Plato: Twelve Best Quotes (With References)

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This page contains a collection of quotes by Plato. These quotes are all genuine and details about the book, chapter number, and translation are included where applicable.


On philosophy:

Socrates: Philosophy begins in wonder.

– Plato, Theaetetus, 155D, trans. Benjamin Jowett


On ignorance:

Diotima: Herein is the evil of ignorance, that he who is neither good nor wise is nevertheless satisfied with himself: he has no desire for that of which he feels no want.

– Plato, Symposium, 204A, trans. Benjamin Jowett


On the Form of beauty:

Diotima: He who would proceed aright . . . should begin in youth to visit beautiful forms . . . and soon he will of himself perceive that the beauty of one form is akin to the beauty of another; and then if beauty of form in general is his pursuit, how foolish would he be not to recognize that the beauty in every form is and the same! And when he perceives this he will abate his violent love of the one, which he will despise and deem a small thing, and will become a lover of all beautiful forms; in the next stage he will consider that the beauty of the mind is more honourable than the beauty of the outward form. So that if a virtuous soul have but a little comeliness, he will be content to love and tend him, and will search out and bring to the birth thoughts which may improve the young, until he is compelled to contemplate and see the beauty of institutions and laws, and to understand that the beauty of them all is of one family, and that personal beauty is a trifle; and after laws and institutions he will go on to the sciences, that he may see their beauty, being not like a servant in love with the beauty of one youth or man or institution, himself a slave mean and narrow-minded, but drawing towards and contemplating the vast sea of beauty, he will create many fair and noble thoughts and notions in boundless love of wisdom; until on that shore he grows and waxes strong, and at last the vision is revealed to him of a single science, which is the science of beauty everywhere.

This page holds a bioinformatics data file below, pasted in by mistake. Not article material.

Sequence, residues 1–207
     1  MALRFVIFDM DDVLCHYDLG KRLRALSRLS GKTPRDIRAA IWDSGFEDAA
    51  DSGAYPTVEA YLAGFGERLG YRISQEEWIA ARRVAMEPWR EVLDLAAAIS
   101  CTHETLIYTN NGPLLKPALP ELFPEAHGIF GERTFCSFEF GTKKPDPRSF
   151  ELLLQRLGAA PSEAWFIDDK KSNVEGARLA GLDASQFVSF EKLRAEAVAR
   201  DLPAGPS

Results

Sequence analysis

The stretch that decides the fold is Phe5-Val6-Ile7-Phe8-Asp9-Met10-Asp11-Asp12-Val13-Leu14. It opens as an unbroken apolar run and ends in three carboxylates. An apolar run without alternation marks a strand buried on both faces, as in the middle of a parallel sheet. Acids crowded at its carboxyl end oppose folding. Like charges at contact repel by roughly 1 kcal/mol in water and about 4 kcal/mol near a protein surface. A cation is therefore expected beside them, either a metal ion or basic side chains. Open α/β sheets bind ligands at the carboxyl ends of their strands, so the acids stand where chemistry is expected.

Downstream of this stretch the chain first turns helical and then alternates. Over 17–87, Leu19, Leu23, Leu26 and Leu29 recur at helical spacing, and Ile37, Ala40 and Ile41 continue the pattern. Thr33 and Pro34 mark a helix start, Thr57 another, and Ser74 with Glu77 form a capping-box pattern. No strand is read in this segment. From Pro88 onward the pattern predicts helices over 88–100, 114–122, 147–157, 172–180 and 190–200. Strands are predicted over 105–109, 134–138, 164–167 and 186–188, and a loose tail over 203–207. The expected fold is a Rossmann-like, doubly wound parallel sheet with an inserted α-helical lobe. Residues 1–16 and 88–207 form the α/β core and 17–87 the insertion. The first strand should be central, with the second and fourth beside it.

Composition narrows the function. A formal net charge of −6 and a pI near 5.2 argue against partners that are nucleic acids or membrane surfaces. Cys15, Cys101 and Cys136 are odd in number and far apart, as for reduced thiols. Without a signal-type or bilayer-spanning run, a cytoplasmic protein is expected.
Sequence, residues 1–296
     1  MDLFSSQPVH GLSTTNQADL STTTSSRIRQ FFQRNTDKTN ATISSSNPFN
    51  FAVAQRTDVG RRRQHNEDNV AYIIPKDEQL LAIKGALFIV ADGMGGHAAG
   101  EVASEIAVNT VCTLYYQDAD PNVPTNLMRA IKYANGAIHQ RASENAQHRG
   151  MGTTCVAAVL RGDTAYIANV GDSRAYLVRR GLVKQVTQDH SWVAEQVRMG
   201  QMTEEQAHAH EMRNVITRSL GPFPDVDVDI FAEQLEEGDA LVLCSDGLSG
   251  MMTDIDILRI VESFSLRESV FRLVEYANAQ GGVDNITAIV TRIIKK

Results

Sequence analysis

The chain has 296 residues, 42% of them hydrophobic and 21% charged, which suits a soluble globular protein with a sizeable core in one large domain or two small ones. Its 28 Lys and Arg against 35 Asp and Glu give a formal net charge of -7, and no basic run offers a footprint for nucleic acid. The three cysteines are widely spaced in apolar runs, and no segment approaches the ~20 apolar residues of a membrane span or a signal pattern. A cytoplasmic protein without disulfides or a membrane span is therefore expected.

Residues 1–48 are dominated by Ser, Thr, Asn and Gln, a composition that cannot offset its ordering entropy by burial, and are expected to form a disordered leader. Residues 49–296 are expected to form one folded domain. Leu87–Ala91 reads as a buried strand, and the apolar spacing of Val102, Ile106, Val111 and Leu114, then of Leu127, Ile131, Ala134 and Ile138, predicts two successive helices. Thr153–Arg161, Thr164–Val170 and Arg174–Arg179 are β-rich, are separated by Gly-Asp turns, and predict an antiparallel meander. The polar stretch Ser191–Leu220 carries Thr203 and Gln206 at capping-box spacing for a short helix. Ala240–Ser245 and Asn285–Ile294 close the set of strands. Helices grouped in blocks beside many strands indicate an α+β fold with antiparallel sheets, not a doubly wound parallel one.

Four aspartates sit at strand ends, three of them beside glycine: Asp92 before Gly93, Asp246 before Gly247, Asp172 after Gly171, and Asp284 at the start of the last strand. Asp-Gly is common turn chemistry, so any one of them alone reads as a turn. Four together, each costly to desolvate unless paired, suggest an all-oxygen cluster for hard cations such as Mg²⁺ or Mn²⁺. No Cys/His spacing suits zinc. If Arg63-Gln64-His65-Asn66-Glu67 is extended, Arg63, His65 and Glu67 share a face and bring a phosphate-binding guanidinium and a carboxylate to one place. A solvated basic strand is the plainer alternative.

– Plato, Symposium, 210A, trans. Benjamin Jowett


On the soul:

Socrates: The lovers of knowledge are conscious that the soul was simply fastened and glued to the body — until philosophy received her, she could only view real existence through the bars of a prison, not in and through herself; she was wallowing in the mire of every sort of ignorance; and by reason of lust had become the principal accomplice in her own captivity. This was her original state; and then, as I was saying, and as the lovers of knowledge are well aware, philosophy, seeing how terrible was her confinement, of which she was to herself the cause, received and gently comforted her and sought to release her, pointing out that the eye and the ear and the other senses are full of deception, and persuading her to retire from them, and abstain from all but the necessary use of them, and be gathered up and collected into herself, bidding her trust in herself and her own pure apprehension of pure existence, and to mistrust whatever comes to her through other channels and is subject to variation; for such things are visible and tangible, but what she sees in her own nature is intelligible and invisible.

– Plato, Phaedo, 82B, trans. Benjamin Jowett


On argument:

Socrates: When a simple man who has no skill in dialectics believes an argument to be true which he afterwards imagines to be false, whether really false or not, and then another and another, he has no longer any faith left, and great disputers, as you know, come to think at last that they have grown to be the wisest of mankind; for they alone perceive the utter unsoundness and instability of all arguments, or indeed, of all things. . . . How melancholy, if there be such a thing as truth or certainty or possibility of knowledge — that a man should have lighted upon some argument or other which at first seemed true and then turned out to be false, and instead of blaming himself and his own want of wit, because he is annoyed, should at last be too glad to transfer the blame from himself to arguments in general: and for ever afterwards should hate and revile them, and lose truth and the knowledge of realities.